“We need more friendliness and kindness, and we should not be afraid to speak out against brutality,” – the Holy Father said – “We should go on a joint journey together to make the world more secure. We need to speak out for peace.”
The World Jewish Congress includes the heads of  Jewish communities in Europe and the Americas, and in light of the upcoming Rosh Hashana holiday, Pope Francis wished the Jewish world a happy new year.

#PopeFrancis "Let my prayer come before you, Lord.’ This is the prayer and this is how we should pray..." Homily

(Vatican Radio) Pope Francis said silence and prayer is the way to overcome our darkest moments, rather than resorting to pills or alcoholic drinks to escape from our woes. His comments came during his homily at the morning Mass celebrated on Tuesday at the Santa Marta residence. 
Taking his cue from the day’s first reading where Job was living through a spiritual desolation and was giving vent to his sorrows before God, the Pope’s homily focused on these dark moments of spiritual desolation that all of us experience at some point and explained how we can overcome them. He said although Job was in deep trouble and had lost everything he did not curse God and his outburst was that of “a son in front of his father.”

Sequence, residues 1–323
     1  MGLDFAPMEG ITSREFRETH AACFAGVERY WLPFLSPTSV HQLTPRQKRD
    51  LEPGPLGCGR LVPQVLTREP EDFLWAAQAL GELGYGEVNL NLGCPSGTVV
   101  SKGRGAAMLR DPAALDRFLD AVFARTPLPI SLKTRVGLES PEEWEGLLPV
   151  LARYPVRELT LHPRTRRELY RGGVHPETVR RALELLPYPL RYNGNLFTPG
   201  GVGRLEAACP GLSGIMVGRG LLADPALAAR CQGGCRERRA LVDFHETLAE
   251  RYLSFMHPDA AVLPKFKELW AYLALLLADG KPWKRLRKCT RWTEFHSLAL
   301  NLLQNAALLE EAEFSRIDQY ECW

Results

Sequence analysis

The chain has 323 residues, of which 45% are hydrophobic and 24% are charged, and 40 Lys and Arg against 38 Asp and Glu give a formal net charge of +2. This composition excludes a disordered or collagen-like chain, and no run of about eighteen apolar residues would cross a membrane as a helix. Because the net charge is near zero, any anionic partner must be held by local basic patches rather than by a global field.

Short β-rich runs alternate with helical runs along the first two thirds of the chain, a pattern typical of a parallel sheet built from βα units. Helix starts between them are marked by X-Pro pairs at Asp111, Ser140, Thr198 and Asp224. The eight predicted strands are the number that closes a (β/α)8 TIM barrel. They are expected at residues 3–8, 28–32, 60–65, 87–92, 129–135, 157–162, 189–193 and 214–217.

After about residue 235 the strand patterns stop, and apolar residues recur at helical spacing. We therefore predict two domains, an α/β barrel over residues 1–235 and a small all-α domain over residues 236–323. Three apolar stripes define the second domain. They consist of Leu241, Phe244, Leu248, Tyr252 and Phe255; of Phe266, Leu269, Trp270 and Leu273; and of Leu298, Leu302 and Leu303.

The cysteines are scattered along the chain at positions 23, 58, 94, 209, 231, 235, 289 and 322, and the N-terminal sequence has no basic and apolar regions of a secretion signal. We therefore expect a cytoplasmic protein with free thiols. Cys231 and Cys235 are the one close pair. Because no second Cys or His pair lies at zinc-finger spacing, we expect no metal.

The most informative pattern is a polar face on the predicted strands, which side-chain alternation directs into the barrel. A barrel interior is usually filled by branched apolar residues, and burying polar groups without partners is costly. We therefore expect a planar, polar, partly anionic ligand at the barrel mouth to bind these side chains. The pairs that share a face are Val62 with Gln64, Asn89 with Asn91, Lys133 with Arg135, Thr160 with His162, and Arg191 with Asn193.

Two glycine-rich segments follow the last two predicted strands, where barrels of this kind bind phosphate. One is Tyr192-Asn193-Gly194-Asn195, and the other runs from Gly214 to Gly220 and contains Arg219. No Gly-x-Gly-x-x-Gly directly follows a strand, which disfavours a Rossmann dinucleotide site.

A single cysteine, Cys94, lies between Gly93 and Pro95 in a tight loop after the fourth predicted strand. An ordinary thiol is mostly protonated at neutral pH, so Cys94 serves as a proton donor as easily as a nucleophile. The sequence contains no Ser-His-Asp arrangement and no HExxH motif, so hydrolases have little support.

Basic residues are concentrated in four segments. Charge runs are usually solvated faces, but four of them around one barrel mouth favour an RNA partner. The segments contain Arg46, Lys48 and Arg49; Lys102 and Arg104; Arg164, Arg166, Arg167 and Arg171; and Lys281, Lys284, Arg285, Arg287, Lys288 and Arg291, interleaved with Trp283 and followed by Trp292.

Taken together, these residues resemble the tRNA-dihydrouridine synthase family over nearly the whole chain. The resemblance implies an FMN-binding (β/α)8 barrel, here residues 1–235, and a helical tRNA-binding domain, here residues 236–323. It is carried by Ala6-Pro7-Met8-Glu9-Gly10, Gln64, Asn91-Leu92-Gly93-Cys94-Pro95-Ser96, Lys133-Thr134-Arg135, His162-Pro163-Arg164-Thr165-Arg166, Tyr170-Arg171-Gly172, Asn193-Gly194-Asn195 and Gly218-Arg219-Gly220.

All of us sooner or later experience a spiritual darkness
“Spiritual desolation is something that happens to all of us: it can be stronger or weaker … but that feeling of spiritual darkness, of hopelessness, mistrust, lacking the desire to live, without seeing the end of the tunnel, with so much agitation in one’s heart and in one’s ideas…  Spiritual desolation makes us feel as though our souls are crushed, we can’t succeed, we can’t succeed and we also don’t want to live: ‘Death is better!’ This was Job’s outburst. It was better to die than live like this. We need to understand that when our soul is in this state of generalized sadness we can barely breathe: This happens to all of us… whether strong or not ….. to all of us. (We need to) understand what goes on in our hearts.”
Pope Francis went on to pose the question: “What should we do when we experience these dark moments, be it for a family tragedy, an illness, something that weighs us down?.” Noting that some people would think of taking a pill to sleep and remove them from their problems or drinking one, two, three or four glasses” he warned that these methods “do not help.” Instead, today’s liturgy shows us how to cope with this spiritual desolation, “when we are lukewarm, depressed and without hope.”